I can almost read the comments when this piece is posted on Facebook now.
“For many of our diners, it’s a once-in-a-lifetime experience, something they’ve always wanted to do,” said Oli, “it’s not for everyone, people might think it costs too much or the food might be too unusual for them, but eating here was the most memorable food experience of my life, and that’s what we are creating.”
In October 2021, Oli won the highly-coveted Roux Scholarship, the first time the award has been handed out since the passing of its founders, Michel Roux OBE and Albert Roux OBE KFO. In memory of their fathers, Alain Roux and Michel Roux Jr asked those competing to make two recipes that were dear to the Roux family.
Oli and fellow contestants had to make Eggs Albert, in honour of Albert Roux, and Little Flans with Snails in Green Coats for Michel Roux.
The former is an artichoke heart filled with smoked salmon, trout and truffle, topped with a poached egg and topped with a slice of smoked salmon, the second is a snail and herb soufflé baked in a tartlet with beurre blanc sauce.
Honorary president of judges, Björn Frantzén said: “It’s very difficult to do something so classic. In my book, it was an easy choice to pick the winner. There was one outstanding chef.”
Oli won £6,000 plus the chance to cook and train under the supervision of a leading chef at a prestigious three-star Michelin restaurant anywhere in the world for up to three months.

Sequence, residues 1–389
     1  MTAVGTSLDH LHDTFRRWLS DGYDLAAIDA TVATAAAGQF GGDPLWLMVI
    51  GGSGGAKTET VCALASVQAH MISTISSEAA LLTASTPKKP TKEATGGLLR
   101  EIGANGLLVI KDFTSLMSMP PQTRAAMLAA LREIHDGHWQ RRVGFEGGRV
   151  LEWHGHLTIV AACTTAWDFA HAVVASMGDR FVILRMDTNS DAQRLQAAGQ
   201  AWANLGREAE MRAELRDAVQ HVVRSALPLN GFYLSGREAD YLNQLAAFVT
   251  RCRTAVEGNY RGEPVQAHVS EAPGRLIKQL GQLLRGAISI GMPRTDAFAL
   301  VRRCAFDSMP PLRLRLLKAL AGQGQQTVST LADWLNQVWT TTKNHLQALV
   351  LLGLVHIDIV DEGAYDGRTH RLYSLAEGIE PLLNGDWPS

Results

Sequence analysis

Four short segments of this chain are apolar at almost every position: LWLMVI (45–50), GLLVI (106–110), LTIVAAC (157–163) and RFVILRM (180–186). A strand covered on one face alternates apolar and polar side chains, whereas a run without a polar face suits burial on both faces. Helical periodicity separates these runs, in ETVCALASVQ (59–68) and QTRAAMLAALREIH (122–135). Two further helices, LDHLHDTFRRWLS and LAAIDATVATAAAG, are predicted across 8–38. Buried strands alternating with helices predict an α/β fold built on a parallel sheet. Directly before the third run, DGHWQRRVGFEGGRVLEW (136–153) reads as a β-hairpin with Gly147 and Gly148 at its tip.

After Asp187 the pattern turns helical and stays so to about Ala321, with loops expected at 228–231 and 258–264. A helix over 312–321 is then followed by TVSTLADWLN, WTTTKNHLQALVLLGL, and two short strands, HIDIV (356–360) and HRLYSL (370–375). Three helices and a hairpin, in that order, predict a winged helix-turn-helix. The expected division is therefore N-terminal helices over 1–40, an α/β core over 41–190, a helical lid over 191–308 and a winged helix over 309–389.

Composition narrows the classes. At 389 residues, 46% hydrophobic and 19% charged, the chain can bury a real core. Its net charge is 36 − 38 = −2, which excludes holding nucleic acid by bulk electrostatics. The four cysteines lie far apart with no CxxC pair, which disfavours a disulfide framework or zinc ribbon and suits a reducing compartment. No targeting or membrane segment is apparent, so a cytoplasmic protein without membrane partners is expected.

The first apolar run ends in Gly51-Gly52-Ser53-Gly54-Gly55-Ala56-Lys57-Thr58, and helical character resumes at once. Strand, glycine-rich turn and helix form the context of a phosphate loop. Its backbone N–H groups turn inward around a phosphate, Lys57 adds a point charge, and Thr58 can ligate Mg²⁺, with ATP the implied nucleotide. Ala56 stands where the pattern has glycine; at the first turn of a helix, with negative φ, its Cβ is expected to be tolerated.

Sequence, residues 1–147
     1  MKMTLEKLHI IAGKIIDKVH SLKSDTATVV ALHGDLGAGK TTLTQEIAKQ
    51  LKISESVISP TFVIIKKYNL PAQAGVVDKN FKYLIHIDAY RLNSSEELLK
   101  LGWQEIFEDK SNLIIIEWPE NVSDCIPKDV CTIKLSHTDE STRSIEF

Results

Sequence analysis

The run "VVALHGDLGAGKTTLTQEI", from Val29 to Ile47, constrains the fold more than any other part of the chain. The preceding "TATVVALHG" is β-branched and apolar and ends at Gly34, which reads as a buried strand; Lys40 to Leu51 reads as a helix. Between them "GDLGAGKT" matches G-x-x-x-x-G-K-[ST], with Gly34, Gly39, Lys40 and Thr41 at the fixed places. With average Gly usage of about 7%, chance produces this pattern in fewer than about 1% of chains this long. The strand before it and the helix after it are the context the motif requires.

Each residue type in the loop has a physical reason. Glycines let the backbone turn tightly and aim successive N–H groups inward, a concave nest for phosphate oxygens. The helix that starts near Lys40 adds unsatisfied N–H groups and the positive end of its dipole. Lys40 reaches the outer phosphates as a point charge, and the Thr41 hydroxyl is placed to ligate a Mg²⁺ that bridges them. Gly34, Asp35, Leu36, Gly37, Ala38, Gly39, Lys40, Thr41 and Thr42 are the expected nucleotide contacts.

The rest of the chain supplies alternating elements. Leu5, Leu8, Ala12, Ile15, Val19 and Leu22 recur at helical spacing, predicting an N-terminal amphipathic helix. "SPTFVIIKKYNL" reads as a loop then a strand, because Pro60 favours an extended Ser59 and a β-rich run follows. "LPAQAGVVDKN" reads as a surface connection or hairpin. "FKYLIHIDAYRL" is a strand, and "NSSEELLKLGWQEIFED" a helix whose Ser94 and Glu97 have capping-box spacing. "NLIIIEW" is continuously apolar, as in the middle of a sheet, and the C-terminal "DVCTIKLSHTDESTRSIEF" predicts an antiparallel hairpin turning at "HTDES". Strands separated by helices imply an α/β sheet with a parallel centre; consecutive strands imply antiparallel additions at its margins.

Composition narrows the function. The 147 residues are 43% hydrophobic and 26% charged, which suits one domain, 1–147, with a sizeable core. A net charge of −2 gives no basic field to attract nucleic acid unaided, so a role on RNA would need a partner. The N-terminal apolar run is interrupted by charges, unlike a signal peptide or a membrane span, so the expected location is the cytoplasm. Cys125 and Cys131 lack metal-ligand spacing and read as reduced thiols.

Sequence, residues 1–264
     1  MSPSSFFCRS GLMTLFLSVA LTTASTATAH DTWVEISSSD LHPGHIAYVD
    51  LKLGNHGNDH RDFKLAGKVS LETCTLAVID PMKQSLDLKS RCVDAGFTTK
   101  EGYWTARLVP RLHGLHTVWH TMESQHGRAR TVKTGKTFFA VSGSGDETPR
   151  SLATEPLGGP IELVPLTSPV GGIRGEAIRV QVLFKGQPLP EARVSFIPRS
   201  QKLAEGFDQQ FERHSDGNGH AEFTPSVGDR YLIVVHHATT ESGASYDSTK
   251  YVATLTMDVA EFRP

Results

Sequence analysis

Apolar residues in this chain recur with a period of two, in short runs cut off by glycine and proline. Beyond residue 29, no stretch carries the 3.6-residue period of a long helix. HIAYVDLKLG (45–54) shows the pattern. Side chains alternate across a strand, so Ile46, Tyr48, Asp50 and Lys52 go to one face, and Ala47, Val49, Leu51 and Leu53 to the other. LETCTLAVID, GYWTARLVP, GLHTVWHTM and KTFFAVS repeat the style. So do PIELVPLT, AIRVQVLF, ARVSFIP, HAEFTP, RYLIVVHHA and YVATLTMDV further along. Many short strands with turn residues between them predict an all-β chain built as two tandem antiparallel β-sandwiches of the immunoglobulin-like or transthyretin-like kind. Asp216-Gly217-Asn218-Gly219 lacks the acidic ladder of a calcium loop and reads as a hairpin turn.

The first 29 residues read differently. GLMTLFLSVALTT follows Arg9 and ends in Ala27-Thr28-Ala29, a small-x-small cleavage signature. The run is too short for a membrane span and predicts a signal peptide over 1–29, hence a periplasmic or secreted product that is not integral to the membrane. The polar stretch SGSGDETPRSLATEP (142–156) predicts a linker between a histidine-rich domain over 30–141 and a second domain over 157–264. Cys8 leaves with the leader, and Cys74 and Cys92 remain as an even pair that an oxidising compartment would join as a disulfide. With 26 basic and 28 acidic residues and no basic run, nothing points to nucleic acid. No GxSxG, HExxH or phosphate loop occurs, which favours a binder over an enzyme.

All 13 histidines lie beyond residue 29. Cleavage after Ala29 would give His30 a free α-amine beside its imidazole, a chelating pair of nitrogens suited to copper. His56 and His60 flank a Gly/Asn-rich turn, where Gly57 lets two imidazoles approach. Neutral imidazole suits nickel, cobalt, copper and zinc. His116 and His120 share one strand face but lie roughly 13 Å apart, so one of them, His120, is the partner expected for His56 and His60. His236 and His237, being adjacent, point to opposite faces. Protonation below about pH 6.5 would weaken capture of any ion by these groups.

“It was my first and last time in the competition as you have to be 30 to enter, so I was overjoyed to win – it’s such a prestigious award and it puts you in such good company,” he said.
The plan, he added, was to spend his three months at Restaurant Zen – the Singapore outpost of three-Michelin starred modern Nordic restaurant by chef owner (and Roux Scholarship judge) Björn Frantzén - when time and international travel allow.
Shortly after the scholarship came a promotion and earlier this year, Oli became head chef, second to executive chef Edward Cooke.
“These two huge things happened in a matter of weeks and it was just incredible. I am so thrilled and so grateful to have been given this opportunity,” he said.
“It’s inspiring to have a boss like Heston whose whole ethos is ‘question everything’ because without questioning what you do, you don’t learn and you don’t grow.
“This job means I will be learning far more about the management of a restaurant and finding out how the whole operation works. I’m excited about that.”
Oli comes home to Norfolk every few weeks and when he’s home loves to eat at Benedicts, Meadowsweet and The Gunton Arms, while his favourite dish to cook at home is, reassuringly, chilli cheese beans on toast rather than snail porridge.
One day, he dreams of opening his own restaurant and serving food which has been grilled over wood and charcoal, the kind of flavoursome food he loves.
“That’s a long way in the future,” he tells me, “I’ve still got so much I want to learn.”